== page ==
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24 December 2010
Scientists study Oetzi bacteria samples

A team of Swedish scientists is currently examining specimens of stomach bacteria from Oetzi the Iceman, who lived about 5,300 years ago, at Stockholm's Karolinska Institute (KI). Oetzi was discovered in September 1991 in the Oetztal Alps, near Hauslabjoch in Italy, very close to the Austria border. His body is usually kept frozen, but he has been thawed recently to allow experts to examine him, among them Swedish infectious disease control professor Lars Engstrand at KI.
     Engstrand hopes that the samples will reveal whether Oetzi had gastric ulcer and resistant bacteria. "We are performing DNA extraction to map the gastric and intestinal microflora from 5,000 years ago and to try out to find if he had any signs of ulcer-causing bacteria. We will probably be finished in a couple of months, that's my gut feeling," Engstrand said. Engstrand and his team received faecal samples, as well as a 1 square centimetre section of Oetzi's stomach, on November 8th and will disclose their findings through scientific journals.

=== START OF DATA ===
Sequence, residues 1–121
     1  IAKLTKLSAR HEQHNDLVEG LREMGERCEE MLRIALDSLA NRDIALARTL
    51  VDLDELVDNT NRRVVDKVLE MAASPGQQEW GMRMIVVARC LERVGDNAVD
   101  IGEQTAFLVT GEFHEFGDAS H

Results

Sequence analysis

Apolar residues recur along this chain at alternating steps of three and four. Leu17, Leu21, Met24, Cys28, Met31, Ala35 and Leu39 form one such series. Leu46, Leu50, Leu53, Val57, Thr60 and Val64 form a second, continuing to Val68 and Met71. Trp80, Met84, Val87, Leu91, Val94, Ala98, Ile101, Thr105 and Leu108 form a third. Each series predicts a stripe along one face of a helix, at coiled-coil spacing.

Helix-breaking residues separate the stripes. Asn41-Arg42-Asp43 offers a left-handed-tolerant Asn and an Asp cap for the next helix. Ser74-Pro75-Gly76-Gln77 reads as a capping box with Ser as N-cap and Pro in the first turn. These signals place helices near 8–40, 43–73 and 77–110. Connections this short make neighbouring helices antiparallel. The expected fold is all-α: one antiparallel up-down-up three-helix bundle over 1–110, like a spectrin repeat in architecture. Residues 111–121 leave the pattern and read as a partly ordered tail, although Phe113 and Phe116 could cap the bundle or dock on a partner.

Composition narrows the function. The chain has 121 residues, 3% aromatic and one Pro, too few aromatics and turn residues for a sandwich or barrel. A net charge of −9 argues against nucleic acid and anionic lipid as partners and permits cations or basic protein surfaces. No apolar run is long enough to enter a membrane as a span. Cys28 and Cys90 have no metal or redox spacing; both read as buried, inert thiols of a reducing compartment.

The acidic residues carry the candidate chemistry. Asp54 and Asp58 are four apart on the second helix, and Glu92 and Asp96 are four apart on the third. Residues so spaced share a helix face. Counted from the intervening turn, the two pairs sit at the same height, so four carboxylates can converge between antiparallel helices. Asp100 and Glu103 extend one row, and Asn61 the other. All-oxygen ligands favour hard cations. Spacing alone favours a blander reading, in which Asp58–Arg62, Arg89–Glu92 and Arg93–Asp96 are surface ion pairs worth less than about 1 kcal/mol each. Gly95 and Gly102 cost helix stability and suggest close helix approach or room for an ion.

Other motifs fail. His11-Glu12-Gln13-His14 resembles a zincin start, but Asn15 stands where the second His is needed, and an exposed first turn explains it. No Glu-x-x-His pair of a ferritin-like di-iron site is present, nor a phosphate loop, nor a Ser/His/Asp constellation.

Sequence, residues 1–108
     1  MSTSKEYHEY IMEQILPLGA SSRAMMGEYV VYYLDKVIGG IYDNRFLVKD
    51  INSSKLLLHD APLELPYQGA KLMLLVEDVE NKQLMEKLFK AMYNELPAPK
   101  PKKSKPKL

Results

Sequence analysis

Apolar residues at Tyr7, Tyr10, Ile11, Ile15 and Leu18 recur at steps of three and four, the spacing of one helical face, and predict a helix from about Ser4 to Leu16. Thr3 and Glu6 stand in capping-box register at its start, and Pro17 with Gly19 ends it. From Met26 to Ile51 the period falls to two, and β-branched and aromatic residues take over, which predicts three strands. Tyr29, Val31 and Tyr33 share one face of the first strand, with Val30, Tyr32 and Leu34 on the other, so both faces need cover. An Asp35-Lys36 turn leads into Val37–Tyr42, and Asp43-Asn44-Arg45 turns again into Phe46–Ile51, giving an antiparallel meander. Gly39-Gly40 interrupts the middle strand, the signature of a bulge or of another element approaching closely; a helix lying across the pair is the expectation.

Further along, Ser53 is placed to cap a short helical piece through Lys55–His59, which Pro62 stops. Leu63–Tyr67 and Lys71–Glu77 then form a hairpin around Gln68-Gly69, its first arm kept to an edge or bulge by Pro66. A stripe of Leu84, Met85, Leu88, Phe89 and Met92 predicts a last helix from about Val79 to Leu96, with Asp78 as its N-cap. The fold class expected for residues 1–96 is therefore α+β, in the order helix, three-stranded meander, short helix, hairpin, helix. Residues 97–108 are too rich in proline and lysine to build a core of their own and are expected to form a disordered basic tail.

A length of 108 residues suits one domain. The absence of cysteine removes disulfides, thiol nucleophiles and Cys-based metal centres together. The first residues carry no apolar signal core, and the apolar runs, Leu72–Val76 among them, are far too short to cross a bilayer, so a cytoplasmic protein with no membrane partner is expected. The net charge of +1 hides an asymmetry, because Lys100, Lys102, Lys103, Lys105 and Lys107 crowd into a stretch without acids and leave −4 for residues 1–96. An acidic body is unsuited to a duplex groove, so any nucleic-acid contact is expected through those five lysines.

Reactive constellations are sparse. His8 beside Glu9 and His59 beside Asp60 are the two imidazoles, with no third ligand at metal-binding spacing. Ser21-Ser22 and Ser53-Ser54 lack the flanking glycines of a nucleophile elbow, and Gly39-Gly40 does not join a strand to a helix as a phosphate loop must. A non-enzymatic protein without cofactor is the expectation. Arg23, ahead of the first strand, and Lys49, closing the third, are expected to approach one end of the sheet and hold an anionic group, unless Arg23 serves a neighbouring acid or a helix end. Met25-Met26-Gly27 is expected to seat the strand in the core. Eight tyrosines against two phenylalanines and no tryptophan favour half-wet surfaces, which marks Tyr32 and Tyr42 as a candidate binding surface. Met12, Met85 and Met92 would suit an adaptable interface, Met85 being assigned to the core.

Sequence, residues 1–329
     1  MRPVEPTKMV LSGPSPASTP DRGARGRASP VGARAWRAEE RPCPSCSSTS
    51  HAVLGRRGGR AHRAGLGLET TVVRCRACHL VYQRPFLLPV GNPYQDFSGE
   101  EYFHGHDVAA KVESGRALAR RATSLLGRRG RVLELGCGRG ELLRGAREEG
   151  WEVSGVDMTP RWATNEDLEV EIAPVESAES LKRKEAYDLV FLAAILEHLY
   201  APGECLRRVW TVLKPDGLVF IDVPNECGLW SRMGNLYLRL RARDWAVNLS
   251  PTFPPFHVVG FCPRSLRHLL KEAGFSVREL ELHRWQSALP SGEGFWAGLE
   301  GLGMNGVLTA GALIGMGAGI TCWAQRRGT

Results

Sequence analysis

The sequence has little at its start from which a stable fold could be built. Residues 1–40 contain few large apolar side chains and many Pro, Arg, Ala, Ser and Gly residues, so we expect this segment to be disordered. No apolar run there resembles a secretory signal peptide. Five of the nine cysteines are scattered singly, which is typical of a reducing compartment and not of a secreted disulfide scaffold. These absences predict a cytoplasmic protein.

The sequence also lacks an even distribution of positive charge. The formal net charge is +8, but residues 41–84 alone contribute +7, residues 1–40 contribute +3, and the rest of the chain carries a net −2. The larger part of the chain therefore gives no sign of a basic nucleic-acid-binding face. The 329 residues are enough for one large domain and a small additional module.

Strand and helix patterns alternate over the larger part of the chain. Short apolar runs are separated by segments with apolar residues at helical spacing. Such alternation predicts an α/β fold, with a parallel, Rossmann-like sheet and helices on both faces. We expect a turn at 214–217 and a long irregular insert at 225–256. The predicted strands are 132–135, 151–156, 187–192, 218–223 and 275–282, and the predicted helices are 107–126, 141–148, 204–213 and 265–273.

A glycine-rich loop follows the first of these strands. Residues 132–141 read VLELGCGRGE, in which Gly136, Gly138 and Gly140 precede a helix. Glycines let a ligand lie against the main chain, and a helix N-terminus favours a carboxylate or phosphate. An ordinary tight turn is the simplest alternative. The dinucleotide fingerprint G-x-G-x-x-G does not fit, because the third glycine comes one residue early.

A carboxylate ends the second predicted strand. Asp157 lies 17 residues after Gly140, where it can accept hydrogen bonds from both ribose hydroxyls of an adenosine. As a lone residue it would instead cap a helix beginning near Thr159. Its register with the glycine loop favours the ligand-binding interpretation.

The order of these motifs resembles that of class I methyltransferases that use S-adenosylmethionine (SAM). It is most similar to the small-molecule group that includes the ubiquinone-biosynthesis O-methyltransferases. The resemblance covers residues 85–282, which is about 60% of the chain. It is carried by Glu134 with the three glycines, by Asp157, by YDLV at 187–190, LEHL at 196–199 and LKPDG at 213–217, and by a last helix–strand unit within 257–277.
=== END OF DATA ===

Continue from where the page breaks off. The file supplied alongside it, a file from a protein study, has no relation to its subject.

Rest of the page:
Engstrand is working with other scientists in Germany and Bordeaux to find any possible resistant genes that Oetzi may have possessed before the antibiotic era. "We are quite convinced that we will find something. They have been found in soil bacteria. It will be interesting to see how these genes looked like then compared with today," explained Engstrand. "This is a scientific study for public health, antibiotic resistance and virulence as these genes may have evolved over the years," he added. "The DNA quality is crucial to our success," concluded Engstrand.
     Oetzi is Europe's oldest natural human mummy. His body and belongings are displayed in the South Tyrol Museum of Archaeology in Bolzano, northern Italy. At the time of his death, Oetzi was about 1.65 metres tall, weighed about 50 kilograms and was about 45 years old. When his body was found, it weighed 38 kilograms.

Edited from The Local (22 December 2010)

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